Stranded Investors? When a business is trading at a significant discount to its underlying value, it’s not just us the long-term minded individual investors that get attracted to it. Other much larger institutional players also take interest. These investors have deeper pockets than we do. They are often willing to pay a premium over current market price to persuade the business to merge. Depending on when an investor like me has bought the stock, the offered premium might not be enough to make us whole. It is a risk that does not get discussed often. Over my investing journey, I’ve had several such situations (or close encounters) to deal with. I plan to write about them in a future post.
Since BPYU has stopped paying dividends and this transaction is not expected to close until the third quarter (if approved), I thought it’s good time for me to part ways (albeit regretfully) with this REIT. I sold my entire stake at a little above the offered going-private price on May 24th. My rate of return over the two-year period where I built this position and collected dividends came out to be 9% IRR. This isn’t a bad return, but of course I was fully expecting to generate double-digit returns if I were able to hold on to my shares for a few more years.
As you can see from the table below, most of my returns came from the dividends I received. My capital gains were bare minimum as I sold shares just a shade above my average cost.
The chart below shows BPYU share price over the last two years. When I sold my shares, its shares were trading 7% below the price I paid for my first helping. But I had bought more as the stock went down in March 2020, so my average cost basis had also gone down. Also from the chart, BPYU did far better when taking into account all the dividends I received. Had I just bought once in May 2019 and did not receive any dividends, my final return would have been negative.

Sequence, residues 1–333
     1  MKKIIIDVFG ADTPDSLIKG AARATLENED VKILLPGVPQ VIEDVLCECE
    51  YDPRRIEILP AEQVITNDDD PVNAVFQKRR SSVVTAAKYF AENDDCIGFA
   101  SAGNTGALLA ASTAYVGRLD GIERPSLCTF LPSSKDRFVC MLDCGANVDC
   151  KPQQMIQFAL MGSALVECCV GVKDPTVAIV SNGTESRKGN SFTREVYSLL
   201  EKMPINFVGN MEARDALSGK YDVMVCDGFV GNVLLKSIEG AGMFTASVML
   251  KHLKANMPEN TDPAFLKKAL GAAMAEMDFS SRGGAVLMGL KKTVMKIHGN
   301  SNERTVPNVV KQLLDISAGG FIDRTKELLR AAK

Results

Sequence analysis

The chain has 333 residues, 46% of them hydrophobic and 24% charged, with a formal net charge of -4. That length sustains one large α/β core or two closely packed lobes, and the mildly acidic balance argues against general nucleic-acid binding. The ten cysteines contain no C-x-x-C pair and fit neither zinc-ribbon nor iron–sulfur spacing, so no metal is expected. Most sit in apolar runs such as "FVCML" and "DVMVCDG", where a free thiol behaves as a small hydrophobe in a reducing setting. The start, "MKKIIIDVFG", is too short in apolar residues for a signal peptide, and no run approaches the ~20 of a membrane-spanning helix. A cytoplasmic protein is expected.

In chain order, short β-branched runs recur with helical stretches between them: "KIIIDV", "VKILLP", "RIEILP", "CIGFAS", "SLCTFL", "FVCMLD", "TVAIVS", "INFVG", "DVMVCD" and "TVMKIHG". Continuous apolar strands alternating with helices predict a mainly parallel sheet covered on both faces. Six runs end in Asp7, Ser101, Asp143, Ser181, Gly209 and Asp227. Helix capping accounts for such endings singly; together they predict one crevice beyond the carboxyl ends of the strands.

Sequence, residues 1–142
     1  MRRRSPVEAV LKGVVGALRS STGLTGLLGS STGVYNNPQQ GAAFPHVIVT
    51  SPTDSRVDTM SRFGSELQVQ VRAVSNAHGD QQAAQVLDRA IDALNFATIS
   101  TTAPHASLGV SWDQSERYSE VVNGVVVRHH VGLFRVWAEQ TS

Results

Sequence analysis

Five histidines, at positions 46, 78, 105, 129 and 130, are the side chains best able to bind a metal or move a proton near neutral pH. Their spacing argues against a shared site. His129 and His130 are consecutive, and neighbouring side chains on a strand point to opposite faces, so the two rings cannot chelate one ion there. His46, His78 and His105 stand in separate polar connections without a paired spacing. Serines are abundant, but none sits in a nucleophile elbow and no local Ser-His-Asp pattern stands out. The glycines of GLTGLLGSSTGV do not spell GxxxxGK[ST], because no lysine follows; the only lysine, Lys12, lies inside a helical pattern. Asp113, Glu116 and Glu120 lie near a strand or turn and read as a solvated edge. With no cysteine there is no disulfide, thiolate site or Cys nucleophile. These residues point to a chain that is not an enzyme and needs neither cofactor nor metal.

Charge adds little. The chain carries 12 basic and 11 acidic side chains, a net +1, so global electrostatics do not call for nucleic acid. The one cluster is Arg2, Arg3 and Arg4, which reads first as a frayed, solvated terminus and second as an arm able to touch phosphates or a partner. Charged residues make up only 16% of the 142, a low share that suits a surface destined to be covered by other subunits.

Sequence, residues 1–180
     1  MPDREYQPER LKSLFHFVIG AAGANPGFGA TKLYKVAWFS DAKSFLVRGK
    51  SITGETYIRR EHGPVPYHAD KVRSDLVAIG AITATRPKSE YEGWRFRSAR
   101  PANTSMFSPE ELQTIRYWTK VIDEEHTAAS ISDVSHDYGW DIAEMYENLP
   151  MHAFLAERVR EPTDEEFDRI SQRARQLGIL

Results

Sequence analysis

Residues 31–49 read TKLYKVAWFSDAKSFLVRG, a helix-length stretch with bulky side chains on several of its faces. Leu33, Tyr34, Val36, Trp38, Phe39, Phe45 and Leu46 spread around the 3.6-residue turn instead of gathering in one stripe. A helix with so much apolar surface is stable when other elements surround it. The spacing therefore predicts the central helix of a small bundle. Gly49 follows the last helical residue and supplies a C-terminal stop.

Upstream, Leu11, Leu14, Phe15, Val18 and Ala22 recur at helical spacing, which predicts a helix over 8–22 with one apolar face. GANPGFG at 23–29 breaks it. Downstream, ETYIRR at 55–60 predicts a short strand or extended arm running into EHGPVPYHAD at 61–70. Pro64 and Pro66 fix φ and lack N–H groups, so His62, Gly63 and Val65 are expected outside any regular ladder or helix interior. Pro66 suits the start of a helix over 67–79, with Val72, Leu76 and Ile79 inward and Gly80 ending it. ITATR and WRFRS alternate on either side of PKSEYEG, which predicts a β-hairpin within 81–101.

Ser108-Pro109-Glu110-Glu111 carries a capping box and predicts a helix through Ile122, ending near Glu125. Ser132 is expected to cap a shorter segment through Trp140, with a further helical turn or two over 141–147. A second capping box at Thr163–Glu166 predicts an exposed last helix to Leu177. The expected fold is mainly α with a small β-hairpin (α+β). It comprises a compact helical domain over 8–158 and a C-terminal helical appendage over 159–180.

Other Investment Candidates: Now that my entire BPYU position is liquidated, I plan to reinvest this money in other real-estate related businesses. They don’t need to be REITs per se. Any business that earns majority of income from some real-estate activity would be a good candidate here. In this bucket, I have some good prospects—some of these I am already a shareholder in. Others I have been following for a while and like their business potential.
One obvious candidate is the parent company itself, Brookfield Asset Management (BAM). BAM is an excellent business, run by smart long-term oriented owner-management. See my profile of BAM CEO here. Even though I started investing in BPYU first, since then and especially with the onset of pandemic drop, I had started building a position in BAM. One downside of swapping BPYU with BAM is substantial loss of current income in favor of long-term outperformance. As I pointed out earlier, BPYU has been a prolific dividend generator for its shareholders during the last two years. BAM, while a very profitable business, reinvests most of its profits into further growth—rather than paying it all out in dividends as REITs do.
There are other good real-estate related businesses that I have had my eyes on. See the table below. They are not all significant dividend payers. They also focus on various real-estate types and therefore have different growth profiles.
In the next few weeks, I plan to pick one or more of these businesses and invest my BPYU proceeds in. In my next blog post, I will write more on each of these. Stay tuned.